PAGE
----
Mouchette is a web platform named after a fictional adolescent girl invented by artist Martine Neddam. Mouchette makes use of expressive HTML elements to involve the viewer her turbulent, emotional world; visitors are encouraged to talk about suicide, contribute fan art, and even adopt her identity. Mouchette now stands as a singular and important archive of online culture—humorous, dark, and often surprisingly touching.
"Art history is replete with examples of artistic alter egos, from Marcel Duchamp's Rrose Selavy to Luther Blissett, a British soccer star whose name was assumed in the mid-1990s by numerous Net artists and activists when posting to email lists and online discussion forums. In 1996, a Web site that purports to be the work of an adolescent girl appeared at http://mouchette.org. Visitors to the site are greeted with a lurid close-up of a flower, its petals crawling with ants and flies, accompanied by a portrait of a sad-looking girl and the following text: 'My name is Mouchette/I live in Amsterdam/I am nearly 13 years old/I am an artist.' Some of the site's content has a deceptively innocent quality. For example, clicking on the word 'artist' on the home page leads to a page with the following text: 'An artist? Yes. Here is a tip: I heard that the only way to become an artist is to say you are one. And then you can call 'art' everything you make… Easy, he?' Other sections are more grotesque (images of raw meat) or sexually suggestive (a tongue licking the screen). Many pages feature interactive Web forms, including multiple-choice questions that trigger delayed reaction emails – days or weeks later, visitors receive unexpected, often flirtatious emails from Mouchette. There is also a listing of members of Mouchette's international fan club, which includes art institutions around the world." (Tribe/Reena)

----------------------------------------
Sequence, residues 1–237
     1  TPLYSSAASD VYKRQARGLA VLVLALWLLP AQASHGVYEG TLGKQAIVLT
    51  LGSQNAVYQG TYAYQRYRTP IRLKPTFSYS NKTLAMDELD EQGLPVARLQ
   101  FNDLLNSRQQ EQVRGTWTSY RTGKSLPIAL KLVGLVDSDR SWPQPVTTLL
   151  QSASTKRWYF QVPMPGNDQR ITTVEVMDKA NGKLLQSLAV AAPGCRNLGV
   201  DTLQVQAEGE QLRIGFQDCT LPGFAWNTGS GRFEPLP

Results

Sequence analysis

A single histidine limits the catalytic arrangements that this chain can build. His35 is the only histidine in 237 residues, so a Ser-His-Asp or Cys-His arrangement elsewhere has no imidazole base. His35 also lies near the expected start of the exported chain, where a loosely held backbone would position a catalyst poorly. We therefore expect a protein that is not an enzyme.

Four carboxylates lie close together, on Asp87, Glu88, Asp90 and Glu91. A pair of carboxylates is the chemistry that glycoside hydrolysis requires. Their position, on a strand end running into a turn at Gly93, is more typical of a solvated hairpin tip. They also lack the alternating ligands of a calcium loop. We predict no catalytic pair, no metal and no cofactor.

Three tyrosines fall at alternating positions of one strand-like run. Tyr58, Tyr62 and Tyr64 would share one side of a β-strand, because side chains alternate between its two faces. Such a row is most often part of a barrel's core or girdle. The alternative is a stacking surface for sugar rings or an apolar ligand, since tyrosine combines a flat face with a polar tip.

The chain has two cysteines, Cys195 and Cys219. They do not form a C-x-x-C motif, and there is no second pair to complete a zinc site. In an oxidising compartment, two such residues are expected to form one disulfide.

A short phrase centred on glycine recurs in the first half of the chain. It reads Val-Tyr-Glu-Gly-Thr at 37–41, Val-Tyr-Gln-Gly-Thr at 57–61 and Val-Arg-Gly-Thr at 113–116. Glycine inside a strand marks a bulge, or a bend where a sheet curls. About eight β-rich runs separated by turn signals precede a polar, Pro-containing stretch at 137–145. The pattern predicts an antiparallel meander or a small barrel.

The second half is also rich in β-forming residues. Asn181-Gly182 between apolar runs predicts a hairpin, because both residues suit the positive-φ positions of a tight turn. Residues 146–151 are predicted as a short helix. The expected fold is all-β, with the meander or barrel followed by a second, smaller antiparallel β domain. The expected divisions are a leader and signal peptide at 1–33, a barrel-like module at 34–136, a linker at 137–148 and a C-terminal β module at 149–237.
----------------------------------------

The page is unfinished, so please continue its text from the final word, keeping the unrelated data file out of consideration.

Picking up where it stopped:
-------- Original Message --------
Date: Sun, 13 Sep 1998 19:05:10 +0100
Reply-To: [email protected]
To: "Mouchette's fan club"
I've just made some rather special portraits of myself and of my family which I would like you to see. I always said I would never show any other picture of myself than the small one on my homepage, because I was too shy, or because my parents wouldn't allow me. But now, with these series of self-portraits, I'm showing myself so close to you that you might even get embarrassed...
But whatever your reactions are, I shall be pleased to hear them so I left you on each page all the space you would need to write back.